Moving on..
All the bins are covered with advertisements, much like the subway walls.

Rita did see a pair of shoes she thought cute but they wern't sold on-board, which as I write more will surprise you.

The plane is a model of efficiency. There are no seat pockets in front of you which eliminates the need to clean between flights. Seats do not recline, which is something many people would applaud. This way more seats can be installed. The seat in front of you is used as a billboard telling what to do in the event of an emergency. I actually think this is a good idea...chalk one up for Mr. Ryan or whomever.

Within minutes of taking off, the show begins. With a second loudspeaker reminder that smoking is not allowed, whereby rebringing it to the attention of the nicotine club, there is an announcement that for those with a craving the flight attendants will be selling packages of smokeless cigarettes--which one attendent holds up and waves. Rita and I noticed that there must not be a thriving market for these as the attendent, after walking the length of the plane, returned with the same number of boxes in hand.

Next came the food cart with delectable goodies to tempt those with strong stomachs and parents of children who have the "I wants." The people across from us bought €42 worth of Chef Ryan goodies. I neglected to get a picture this time. Sorry.

Following the food cart, came the trash cart; again so that no clean up crew would be needed.

When all that cleared out, came the announcement for Ryanair scratch off lottery tickets--fanned and waved as the attendent sashyed down the aisle. Not sure how many of these were sold or if the pay-out would be immediate.

Somehow in the midst of all this, the ruddy faced, elderly Irish man next to me managed to sleep, after his can of stout. Rita, unsuccessfully, tried to sleep but the loudspeaker wasn't over--ever.

Now was time for another run through with the beverage and trash carts which almost collided with the irrestible merchandise cart. Not sure what all was on it but a lot. I suspect there was a list in the booklet passed out but, truthfully, I neglected to look as I was busy taking pictures.

I think there was another food trolley passby before the magazine pick up and final trash service.

Minutes before landing people are still in the aisle waiting for the toilet. Finally, the man next to me wakes up and I notice he is crossing his fingers as we begin descent. As he flies Ryan frequently, I found this a little alarming.

If Ryanair flight lands on time, there is one final, adorable, flourish. Bugles blare followed by the recording "another on-time flight with Ryan."

The efficiency of the efficiences were very noticeable on our return flight. As we walked down the stairs to board, the arriving passengers were disembarking. Them off--us on. No clean up crew needed. Amazing process!

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Monday, July 04, 2011

Venice--Not a One Night Stand

I love Venice--have since our first time there, which I think was 1999--or perhaps--a past life. So, it is hard when I hear people maligning it; they have missed the magic--the voices of whispered intrigue, the private but not-so-secret liasons of romance, the captains of sea trade and war, quiet whishes of gondola oars-on the way to an extravagant ball, the majesty and unfathomableness of a small republic built on wood pilings who for a while dominated Europe. What an amazing story this lady has to tell.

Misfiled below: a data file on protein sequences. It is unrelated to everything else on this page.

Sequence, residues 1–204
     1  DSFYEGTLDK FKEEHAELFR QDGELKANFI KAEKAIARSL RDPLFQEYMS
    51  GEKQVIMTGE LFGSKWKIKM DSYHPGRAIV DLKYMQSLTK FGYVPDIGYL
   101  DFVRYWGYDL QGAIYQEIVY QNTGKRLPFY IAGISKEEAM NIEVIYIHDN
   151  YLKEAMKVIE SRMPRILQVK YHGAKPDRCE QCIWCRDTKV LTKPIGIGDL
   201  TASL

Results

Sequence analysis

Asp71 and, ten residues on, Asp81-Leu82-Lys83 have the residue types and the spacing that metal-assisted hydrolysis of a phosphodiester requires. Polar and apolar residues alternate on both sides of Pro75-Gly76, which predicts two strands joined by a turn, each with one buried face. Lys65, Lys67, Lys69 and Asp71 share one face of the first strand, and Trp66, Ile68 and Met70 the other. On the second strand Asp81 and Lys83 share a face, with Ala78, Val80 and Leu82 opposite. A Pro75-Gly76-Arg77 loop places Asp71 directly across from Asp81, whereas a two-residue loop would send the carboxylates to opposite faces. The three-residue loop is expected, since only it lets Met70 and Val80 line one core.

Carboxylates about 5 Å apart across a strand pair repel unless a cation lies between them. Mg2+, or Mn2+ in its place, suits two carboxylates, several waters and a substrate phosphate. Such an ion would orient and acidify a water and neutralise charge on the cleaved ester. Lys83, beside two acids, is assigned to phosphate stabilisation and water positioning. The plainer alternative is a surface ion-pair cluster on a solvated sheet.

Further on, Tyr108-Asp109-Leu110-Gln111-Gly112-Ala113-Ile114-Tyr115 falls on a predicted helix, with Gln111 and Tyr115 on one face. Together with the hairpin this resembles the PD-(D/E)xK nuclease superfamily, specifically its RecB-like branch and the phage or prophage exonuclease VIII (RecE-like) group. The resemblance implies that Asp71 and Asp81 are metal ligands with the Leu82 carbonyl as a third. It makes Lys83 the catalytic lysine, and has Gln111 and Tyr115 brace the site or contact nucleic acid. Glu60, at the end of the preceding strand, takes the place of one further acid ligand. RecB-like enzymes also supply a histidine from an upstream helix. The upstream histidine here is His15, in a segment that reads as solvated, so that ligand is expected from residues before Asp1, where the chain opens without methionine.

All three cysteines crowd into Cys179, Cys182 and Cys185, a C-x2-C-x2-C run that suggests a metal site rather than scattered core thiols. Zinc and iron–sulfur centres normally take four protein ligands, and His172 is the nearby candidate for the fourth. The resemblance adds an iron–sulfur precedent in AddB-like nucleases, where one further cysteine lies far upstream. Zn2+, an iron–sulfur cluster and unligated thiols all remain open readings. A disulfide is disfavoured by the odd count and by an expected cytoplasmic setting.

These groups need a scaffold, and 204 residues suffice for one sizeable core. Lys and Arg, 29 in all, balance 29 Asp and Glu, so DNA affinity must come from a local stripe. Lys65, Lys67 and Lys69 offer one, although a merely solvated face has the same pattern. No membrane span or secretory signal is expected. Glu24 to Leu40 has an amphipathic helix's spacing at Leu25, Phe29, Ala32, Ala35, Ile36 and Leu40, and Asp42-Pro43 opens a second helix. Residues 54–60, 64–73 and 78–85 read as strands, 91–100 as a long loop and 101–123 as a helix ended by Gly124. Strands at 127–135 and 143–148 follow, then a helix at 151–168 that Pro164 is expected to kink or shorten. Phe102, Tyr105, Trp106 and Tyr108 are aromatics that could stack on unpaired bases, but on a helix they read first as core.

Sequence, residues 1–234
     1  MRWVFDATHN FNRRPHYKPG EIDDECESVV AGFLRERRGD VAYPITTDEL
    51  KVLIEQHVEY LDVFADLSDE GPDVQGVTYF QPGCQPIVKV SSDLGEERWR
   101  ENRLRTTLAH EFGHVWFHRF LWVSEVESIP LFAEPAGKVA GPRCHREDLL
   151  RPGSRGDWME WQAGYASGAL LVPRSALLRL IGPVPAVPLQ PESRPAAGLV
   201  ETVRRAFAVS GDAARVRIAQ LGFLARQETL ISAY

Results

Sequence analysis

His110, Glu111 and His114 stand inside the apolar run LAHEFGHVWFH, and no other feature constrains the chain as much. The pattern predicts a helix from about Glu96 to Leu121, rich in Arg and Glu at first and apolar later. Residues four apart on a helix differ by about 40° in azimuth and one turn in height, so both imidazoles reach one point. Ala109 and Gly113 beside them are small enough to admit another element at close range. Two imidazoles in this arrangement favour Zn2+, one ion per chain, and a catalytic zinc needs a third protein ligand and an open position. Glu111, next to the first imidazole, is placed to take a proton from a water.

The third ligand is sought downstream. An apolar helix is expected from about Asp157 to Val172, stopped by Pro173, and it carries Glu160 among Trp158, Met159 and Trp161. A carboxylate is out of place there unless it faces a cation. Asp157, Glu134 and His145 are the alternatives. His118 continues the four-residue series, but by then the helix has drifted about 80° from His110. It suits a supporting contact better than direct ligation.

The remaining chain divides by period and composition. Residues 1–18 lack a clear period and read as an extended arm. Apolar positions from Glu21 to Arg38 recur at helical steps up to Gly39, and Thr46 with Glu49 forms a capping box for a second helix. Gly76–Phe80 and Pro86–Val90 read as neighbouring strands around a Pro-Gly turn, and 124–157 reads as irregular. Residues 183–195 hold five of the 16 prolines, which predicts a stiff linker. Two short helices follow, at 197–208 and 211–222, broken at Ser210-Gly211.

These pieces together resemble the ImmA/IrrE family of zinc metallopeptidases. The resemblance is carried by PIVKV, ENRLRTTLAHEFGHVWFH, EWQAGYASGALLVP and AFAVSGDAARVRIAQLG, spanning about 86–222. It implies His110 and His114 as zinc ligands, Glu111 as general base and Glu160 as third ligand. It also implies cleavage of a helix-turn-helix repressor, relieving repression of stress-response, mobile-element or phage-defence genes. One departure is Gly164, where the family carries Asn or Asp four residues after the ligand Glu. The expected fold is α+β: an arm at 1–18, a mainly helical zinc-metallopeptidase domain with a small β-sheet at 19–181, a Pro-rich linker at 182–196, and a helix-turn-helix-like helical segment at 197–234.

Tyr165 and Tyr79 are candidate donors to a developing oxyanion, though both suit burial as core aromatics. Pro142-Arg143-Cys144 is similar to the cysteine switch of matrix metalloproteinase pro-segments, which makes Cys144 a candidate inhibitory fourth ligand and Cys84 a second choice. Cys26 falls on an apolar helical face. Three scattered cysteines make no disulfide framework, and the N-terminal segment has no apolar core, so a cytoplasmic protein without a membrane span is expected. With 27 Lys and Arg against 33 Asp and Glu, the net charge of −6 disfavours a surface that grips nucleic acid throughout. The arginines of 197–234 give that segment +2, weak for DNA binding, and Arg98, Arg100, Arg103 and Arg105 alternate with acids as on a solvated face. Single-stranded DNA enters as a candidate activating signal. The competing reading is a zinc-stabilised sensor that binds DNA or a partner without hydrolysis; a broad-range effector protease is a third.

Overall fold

So, Venice can not be a day-trip or a one night stand. A traveler needs quiet times in La Serenissima. Minutes/hours spent in small campos and calles. It is the land of Vivaldi--music must be heard in the heart if not at the opera house. Time should be spent studying the magificent Tintorettos in the Scuola di San Rocco.

Visiting Venice is more completely a visit to eras and centuries gone by than any other place I know--unless visiting the dead places where life long ago abandoned them.

This time we were there with Casey, going on 13.

Last time we were there with Casey, going on 6.

We had a good time both times. I did miss the wide eyes and wonder of the little boy whose eyes were so fresh and to whom the world was so new, but, walking with a son who is taller than I and who puts an arm around my shoulder, telling me he loves me is a magic of its own.

This time we rented a very lovely apartment Ca Leonessa on a small side canal. The building was old but the apartment was 21st century--with Wii for Casey and wifi for me. Everything about it was top quality from the Le Creuset Cookware to wonderful beds--and, it was quiet at night. Out our window was the famous vegetable boat of Venice which probably has been photographed as many times as San Marco.

We were perfectly situated for getting almost every where.

We ate well, of course. The food of Venice is outstanding; although it is best to avoid the tourist hotspots or the places with pictures of food displayed on the walkway--usually a pretty reliable sign to move on. I was chagrined to overhear a woman on the train from Verona to Venice authoritatively telling a day-tripping family--"a word of warning, Venice is not known for its food." How I wanted to turn around and contradict.

For those foodies reading this, our very best meal and it was outstanding was at
Antiche Carampane. I had the little soft-shelled fried crabs which are a delicacy of Venice. Worth going there just for that meal.

There is much more to write about and maybe I'll do so domani or..maybe not. It may be that lazing at the pool, or driving to Panzano, or..or..or appeals more.

For the time being here are some pictures. These are for the most part random and quite incomplete. Loading from the iPad to flickr tonight was incredibly, super, aggrevatingly frustrating... this is the result.

Some, not many Venice pictures.

Ciao for now.